“The data are clear that it’s moved out of the club scene. We are now seeing the drugs used by everybody. Parents can’t just say, ‘My kid doesn’t go to clubs, so I don’t need to worry about it.'” ~ Alan Leshner, former head of the National Institute on Drug Abuse Since the 1970s, there has been an association between nightclubs, discotheques, and dance parties and drugs, actually resulting in the creation of a subculture. Certain recreational drugs are used by partygoers to enhance their experience – especially euphoriants and stimulants.
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Let’s take a look at some of the most popular party drugs:
MDMA, a.k.a. “Ecstasy”, “X”, “E”, “XTC”, or “Molly”
Ecstasy is by far the most popular party drug, used by up to 29 million people worldwide. Users take Ecstasy because it produces euphoria, promotes empathy with others and makes the music and lights at a club more enjoyable because it heightens the senses. Some adverse effects of ecstasy include:
- Increased body temperature
- Muscle cramping
- Profuse sweating
The increase in body temperature can be significant enough to be dangerous, potentially fatal. Some of the social dangers of ecstasy include a higher incidence of unprotected sex and its use as a date rape drug. When it is slipped into someone’s drink unaware, they could become impaired enough to not be able to give reasoned consent.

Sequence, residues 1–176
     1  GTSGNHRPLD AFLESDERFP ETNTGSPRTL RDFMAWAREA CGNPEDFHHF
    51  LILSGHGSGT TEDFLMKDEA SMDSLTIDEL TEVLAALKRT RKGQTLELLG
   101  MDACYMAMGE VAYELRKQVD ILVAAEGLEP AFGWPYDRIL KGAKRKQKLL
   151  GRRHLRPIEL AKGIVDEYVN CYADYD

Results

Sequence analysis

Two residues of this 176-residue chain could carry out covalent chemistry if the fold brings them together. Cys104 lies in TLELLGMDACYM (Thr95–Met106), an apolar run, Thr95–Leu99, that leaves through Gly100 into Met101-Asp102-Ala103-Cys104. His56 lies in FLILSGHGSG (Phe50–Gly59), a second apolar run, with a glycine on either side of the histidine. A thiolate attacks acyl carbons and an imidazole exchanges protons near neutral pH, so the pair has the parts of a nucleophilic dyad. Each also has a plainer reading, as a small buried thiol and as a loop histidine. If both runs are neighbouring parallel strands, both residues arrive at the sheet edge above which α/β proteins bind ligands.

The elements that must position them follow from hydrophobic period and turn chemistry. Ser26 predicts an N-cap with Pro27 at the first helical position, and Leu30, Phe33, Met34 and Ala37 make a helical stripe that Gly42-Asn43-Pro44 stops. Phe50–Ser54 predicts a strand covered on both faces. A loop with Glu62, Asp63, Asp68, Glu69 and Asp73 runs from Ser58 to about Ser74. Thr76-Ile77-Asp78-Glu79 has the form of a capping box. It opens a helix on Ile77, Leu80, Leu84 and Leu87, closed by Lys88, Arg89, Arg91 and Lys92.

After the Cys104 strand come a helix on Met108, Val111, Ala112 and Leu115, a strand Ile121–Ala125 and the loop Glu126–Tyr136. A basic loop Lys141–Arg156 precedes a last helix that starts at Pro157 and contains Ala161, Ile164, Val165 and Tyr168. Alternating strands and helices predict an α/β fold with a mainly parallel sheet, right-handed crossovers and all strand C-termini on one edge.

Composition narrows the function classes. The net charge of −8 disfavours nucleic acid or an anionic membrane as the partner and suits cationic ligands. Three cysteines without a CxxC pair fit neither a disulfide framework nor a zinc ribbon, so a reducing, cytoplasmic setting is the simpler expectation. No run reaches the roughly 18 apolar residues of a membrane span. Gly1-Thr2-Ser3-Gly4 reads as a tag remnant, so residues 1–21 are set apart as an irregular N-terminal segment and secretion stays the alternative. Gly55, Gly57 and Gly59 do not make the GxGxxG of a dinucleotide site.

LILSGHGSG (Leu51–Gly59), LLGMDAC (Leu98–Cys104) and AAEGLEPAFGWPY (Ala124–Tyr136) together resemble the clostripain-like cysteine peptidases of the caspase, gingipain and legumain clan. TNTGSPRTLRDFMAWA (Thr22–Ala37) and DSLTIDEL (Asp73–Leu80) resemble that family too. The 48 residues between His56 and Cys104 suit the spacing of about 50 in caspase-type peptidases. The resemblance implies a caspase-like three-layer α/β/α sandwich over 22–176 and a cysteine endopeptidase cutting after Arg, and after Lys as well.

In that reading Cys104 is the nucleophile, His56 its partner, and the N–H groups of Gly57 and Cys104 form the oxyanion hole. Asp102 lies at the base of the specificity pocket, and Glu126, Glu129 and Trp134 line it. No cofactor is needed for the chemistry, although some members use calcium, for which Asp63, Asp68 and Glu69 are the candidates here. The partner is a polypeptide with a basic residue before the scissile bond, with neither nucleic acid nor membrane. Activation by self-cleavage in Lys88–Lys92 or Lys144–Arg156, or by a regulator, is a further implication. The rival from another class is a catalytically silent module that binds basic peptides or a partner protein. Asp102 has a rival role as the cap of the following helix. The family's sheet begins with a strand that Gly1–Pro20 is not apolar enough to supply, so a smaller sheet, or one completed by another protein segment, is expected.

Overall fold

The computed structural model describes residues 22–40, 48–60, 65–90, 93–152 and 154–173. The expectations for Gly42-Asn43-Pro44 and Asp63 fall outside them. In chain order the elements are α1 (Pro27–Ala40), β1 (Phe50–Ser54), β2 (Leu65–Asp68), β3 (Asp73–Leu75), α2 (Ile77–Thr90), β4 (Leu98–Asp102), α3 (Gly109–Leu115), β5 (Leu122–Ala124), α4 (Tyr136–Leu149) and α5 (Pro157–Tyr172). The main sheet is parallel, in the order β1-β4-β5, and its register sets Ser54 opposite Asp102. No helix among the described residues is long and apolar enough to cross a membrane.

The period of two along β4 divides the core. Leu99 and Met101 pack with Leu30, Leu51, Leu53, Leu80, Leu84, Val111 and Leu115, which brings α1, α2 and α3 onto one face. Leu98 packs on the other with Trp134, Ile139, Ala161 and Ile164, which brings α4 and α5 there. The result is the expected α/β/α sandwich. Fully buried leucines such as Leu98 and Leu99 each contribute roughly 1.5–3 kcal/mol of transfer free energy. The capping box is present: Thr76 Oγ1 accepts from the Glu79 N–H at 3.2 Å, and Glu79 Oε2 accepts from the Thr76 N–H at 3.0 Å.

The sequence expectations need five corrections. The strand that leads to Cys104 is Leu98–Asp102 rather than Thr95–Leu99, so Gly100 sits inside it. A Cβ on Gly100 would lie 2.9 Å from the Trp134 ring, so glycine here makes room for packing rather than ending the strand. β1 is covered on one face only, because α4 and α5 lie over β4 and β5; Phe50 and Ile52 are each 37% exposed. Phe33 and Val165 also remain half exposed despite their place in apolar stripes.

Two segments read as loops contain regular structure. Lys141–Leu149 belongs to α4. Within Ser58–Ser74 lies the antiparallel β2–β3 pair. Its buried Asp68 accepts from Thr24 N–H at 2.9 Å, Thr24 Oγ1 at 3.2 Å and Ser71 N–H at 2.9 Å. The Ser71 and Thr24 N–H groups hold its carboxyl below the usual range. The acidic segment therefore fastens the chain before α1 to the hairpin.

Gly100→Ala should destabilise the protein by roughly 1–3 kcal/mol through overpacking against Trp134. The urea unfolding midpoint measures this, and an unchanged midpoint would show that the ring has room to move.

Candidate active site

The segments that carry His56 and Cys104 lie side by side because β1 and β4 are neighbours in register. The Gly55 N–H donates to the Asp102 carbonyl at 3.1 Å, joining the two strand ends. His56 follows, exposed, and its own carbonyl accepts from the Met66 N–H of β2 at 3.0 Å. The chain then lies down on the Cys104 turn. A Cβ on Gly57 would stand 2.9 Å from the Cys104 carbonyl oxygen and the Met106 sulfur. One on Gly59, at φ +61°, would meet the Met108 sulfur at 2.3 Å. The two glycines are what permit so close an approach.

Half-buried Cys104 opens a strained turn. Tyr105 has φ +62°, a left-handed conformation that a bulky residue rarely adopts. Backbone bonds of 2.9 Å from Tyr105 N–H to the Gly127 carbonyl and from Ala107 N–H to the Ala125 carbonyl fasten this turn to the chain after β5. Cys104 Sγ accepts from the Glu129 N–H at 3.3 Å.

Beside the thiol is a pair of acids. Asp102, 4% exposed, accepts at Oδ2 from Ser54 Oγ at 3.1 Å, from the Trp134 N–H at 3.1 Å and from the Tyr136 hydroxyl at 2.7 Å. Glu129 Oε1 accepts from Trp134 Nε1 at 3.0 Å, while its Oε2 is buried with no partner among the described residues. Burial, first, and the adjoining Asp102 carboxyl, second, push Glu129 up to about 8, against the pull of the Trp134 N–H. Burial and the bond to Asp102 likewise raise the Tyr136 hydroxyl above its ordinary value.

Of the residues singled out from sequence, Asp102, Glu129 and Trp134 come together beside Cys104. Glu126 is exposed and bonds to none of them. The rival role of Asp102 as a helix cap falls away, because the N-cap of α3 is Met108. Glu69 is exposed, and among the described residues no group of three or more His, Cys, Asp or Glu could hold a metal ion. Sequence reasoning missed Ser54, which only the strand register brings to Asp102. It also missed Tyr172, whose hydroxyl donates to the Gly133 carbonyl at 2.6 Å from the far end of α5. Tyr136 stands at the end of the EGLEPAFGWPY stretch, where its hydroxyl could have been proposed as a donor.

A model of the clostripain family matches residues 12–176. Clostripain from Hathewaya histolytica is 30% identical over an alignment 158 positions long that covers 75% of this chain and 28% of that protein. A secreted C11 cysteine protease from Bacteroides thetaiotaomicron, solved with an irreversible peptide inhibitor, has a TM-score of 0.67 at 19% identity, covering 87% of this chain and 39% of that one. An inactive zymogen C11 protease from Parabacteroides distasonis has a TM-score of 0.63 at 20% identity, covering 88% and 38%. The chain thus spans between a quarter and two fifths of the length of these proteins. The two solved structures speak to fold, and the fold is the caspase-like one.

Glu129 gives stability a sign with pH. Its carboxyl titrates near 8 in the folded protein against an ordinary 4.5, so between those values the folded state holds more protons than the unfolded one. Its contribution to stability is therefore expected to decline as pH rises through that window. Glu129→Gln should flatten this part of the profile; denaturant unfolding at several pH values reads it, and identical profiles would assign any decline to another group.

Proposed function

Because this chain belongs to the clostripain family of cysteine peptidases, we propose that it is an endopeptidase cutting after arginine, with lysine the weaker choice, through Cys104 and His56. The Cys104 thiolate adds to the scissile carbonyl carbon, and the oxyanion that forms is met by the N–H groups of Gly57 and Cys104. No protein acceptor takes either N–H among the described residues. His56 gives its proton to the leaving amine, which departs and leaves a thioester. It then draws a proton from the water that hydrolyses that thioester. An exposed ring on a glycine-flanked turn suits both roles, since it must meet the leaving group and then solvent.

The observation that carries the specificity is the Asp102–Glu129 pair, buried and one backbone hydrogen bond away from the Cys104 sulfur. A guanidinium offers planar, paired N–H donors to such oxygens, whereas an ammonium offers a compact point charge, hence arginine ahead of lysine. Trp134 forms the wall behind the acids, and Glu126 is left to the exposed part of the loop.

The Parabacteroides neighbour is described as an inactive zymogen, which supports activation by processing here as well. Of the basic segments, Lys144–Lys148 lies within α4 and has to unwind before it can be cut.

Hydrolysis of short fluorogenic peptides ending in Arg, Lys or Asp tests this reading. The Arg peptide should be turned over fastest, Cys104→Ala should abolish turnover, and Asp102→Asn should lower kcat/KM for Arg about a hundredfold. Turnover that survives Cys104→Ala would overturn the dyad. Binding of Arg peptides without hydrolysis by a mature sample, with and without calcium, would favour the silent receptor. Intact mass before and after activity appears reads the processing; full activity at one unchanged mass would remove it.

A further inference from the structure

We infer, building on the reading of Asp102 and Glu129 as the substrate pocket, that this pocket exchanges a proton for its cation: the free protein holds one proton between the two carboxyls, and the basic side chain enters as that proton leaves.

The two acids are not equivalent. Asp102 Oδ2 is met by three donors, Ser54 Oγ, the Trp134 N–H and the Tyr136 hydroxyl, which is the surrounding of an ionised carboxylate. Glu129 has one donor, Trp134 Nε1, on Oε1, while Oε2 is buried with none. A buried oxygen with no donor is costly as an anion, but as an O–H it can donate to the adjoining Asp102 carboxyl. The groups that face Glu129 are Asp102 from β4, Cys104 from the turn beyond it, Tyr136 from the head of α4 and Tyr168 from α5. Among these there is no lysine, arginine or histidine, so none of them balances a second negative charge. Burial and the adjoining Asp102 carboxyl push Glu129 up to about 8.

Methamphetamines, a.k.a. “Speed”, “Ice”, or “Crank”
Methamphetamine is popular in the club scene because it increases endurance – abusers can stay active longer – and because of its supposed benefits as an aphrodisiac. About one-and-a-quarter million Americans used methamphetamines within the past year. Dr. Mary Holley said, “The effect of an IV hit of methamphetamine is the equivalent of 10 orgasms, all on top of each other, lasting for 30 minutes to an hour, with a feeling of arousal that lasts for another day and a half.” The downside is that within six months, the person’s sex drive is dead, except when they are on the drug. Methamphetamine is also very dangerous, both in terms of addiction risk and in terms of how it physically and psychologically harms abusers:
- Extreme paranoia
- Mood disturbances
- Uncontrollable repetitive motor activity
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Cocaine – a.k.a. “Coke”
After marijuana, cocaine is the second-most used illegal drug in the world, with up to 21 million users annually. Within the party scene, cocaine is popular for its stimulant properties and for its reputation as an aphrodisiac. However, as with methamphetamines, chronic cocaine abuse impairs sexual function. Other dangers of cocaine abuse include:
- Elevated body temperature
- Blood vessel constriction
- High blood pressure
- Heart attack
- Bowel decay
- Speeds up HIV infection
Prescription Stimulants – Adderall and Ritalin
These drugs, which are usually prescribed for addicted-deficit conditions, are now being increasingly used by college students as study aids and for their stimulant effects during parties and raves. Ritalin is even referred to as “kiddie cocaine”. The dangers of prescription stimulant abuse are:
- Respiratory problems – the destruction of the nasal and sinus cavities
- Toxic shock
- Stimulant psychosis
Ketamine Hydrochloride – a.k.a. “Special K”, “Vitamin K”, or “Cat Valium”